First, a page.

Plant Volatiles

Abstract

Plants produce an amazing number of chemical compounds that can disperse in the air at ambient temperature. These plant volatiles have served mankind, perhaps since pre‐Neolithic times, as perfumes and flavour compounds. In nature, these compounds attract pollinators and seed dispersers, protect plants through repulsion or intoxication of attacking herbivores, entice predator or parasitoid insects that prey on herbivores, prime defences of neighbouring plants against imminent attack, confer antimicrobial properties critical to defence against pathogens and mitigate oxidative stresses. Plant volatiles are typically classified into four major categories: terpenes, fatty acid derivatives, amino acid derivatives and phenylpropanoid/benzenoid compounds, although a number of species‐ or genus‐specific volatile compounds, such as those found in select species of Alliaceae and Brassicaceae, fall outside these categories. This enormous variety is represented by more than 1700 compounds from 90 species.

Key Concepts

  • Plant volatiles are critical in the attraction of pollinators and seed dispersers.
  • Plants use volatiles to protect themselves from biotic (pests and pathogens) and abiotic (oxidative stress, high temperature) stresses.
  • Plants under herbivore attack can alert neighbouring plant species, priming their chemical defences.
  • Plant volatiles and especially terpenes react rapidly in the atmosphere and contribute to the burdens of tropospheric ozone, methane and secondary aerosols.
  • Plant volatiles are classified according to their metabolic origins as terpenoids, phenylpropanoids/benzenoids, fatty acid derivatives and amino acid derivatives.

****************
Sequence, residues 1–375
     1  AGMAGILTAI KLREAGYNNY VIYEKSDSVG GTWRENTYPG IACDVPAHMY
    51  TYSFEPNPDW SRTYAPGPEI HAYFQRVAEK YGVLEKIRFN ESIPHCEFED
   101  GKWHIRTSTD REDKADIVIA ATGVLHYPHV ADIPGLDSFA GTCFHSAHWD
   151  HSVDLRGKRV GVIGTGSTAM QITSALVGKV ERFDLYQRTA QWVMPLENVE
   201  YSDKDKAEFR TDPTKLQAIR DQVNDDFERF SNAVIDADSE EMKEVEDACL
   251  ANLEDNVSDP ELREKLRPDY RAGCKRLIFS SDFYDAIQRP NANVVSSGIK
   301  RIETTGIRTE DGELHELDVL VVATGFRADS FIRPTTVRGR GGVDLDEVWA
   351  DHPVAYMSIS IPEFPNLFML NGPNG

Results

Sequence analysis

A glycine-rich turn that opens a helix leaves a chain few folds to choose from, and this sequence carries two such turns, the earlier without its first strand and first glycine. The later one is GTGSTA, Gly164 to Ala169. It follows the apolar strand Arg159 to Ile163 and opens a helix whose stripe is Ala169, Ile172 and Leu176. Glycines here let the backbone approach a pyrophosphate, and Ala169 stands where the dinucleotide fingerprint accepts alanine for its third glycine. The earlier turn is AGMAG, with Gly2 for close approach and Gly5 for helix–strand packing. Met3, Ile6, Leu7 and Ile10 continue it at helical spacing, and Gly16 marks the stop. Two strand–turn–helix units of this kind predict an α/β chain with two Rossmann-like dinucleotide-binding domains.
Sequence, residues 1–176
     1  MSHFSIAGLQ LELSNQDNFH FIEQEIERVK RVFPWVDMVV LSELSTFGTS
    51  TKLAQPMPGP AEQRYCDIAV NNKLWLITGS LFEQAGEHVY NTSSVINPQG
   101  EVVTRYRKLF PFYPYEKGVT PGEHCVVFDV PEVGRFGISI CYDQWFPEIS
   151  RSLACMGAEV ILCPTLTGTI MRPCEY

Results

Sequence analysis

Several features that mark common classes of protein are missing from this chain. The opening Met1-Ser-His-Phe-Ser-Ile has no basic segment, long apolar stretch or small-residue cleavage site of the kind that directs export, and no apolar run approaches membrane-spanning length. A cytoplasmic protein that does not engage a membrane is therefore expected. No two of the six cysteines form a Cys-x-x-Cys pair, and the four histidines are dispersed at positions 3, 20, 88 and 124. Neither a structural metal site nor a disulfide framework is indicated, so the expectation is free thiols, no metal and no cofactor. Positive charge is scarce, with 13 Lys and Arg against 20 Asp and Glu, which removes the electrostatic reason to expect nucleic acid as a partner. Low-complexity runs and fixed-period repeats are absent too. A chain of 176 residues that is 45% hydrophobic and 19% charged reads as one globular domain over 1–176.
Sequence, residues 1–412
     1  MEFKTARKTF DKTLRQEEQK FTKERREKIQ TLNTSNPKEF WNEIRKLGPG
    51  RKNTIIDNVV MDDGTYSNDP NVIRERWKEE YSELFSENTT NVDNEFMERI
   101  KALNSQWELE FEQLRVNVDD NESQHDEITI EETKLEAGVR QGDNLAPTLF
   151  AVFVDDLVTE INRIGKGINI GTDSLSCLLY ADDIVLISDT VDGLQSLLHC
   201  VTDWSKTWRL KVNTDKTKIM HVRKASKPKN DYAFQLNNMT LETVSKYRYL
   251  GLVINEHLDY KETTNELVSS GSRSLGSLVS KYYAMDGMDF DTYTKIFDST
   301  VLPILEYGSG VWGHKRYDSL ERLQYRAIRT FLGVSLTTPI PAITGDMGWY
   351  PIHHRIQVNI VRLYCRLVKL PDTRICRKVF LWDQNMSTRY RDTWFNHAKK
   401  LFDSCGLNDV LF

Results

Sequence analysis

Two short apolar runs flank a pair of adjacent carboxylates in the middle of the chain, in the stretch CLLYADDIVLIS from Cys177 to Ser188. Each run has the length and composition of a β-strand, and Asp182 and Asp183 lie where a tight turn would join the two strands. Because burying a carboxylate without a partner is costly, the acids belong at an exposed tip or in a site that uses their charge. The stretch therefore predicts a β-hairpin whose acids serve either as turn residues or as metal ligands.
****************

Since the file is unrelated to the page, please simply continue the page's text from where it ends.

• Biosynthesis of plant volatiles is spatially, developmentally and temporally regulated.
  • Modern techniques for the collection and trapping of plant volatiles (SPME, dynamic headspace sampling) provide sensitive and representative samples for analysis.
  • Plant volatiles serve humankind as perfumes and aroma compounds, natural flavour constituents, food additives/preservatives, chemotherapeutics and anaesthetics.

Keywords: plant volatiles; pollination; terpenes; plant defence; phenylpropanoids; atmospheric chemistry; secondary metabolites; biosynthesis; headspace

Figure 1. Generalised pathway for the synthesis of plant volatiles (volatile compound names are in red).
Figure 2. Structures and plant sources of representative volatile monoterpenes and sesquiterpenes.
Figure 3. The benzenoid network and its relationship to phenylpropanoid metabolism. Solid arrows indicate established biochemical reactions, whereas broken arrows indicate possible steps not yet described. Volatile compounds are shown in red.
Figure 4. Schematic summary of possible applications of plant volatiles (volatile organic compounds; VOCs) in smart agriculture and implications for atmospheric processes such as ozone formation and climate change. The plant volatile emission profile could be optimised for sustainable agriculture by creating cocultures of different species and different emitter types. Genetic modification can be applied to improve plant defence and prevent negative atmospheric impacts of large‐scale plantations (such as high isoprene emitting species spp., spp. and Arundo donax).Global climate warming will moreover probably enhance VOC emissions (+). Increased emission of VOCs will enhance aerosol and CCN (cloud condensation nuclei) formation. Enhanced aerosol and CCN concentrations will decrease temperature (–) as a result of increased reflection of sunlight from low clouds. In the presence of NO , VOCs degradation will enhance O3 formation with indirect positive feedback on climate warming (+). Other positive feedbacks are methane lengthening lifetime (+), CO2 production (+) and release of latent heat of water condensation. Modifed after Rosenkranz et al., (2014) published under the terms of the Creative Commons Attribution License, and Penuelas and Staudt (2010) © Elsevier.
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Rosenkranz, Maaria, and Schnitzler, Jörg‐Peter(Apr 2016) Plant Volatiles. In: eLS. John Wiley & Sons Ltd, Chichester. http://www.els.net [doi: 10.1002/9780470015902.a0000910.pub3]